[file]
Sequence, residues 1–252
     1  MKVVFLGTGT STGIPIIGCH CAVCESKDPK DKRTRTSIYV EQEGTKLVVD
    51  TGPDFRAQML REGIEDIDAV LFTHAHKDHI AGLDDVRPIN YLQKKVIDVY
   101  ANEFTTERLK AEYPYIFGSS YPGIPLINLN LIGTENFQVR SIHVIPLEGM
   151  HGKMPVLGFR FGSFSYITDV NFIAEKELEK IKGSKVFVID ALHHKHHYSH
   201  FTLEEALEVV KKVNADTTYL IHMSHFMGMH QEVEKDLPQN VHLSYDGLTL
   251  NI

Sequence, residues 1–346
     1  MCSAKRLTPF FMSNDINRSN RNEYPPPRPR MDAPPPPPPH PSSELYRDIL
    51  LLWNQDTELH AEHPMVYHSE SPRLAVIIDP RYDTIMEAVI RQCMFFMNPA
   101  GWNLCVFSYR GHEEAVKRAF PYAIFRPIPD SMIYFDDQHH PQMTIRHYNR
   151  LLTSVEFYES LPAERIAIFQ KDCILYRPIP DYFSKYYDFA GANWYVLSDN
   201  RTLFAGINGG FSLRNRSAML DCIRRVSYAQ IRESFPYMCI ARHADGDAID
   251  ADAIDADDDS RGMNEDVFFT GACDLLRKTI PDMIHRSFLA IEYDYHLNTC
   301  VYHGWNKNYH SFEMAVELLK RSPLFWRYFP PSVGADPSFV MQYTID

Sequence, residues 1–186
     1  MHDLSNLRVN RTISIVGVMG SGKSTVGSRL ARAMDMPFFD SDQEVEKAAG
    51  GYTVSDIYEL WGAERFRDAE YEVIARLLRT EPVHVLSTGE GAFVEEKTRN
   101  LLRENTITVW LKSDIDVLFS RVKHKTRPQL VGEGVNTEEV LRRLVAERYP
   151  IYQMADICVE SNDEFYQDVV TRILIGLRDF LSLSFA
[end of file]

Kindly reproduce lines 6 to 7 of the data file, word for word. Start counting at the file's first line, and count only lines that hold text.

   201  FTLEEALEVV KKVNADTTYL IHMSHFMGMH QEVEKDLPQN VHLSYDGLTL
   251  NI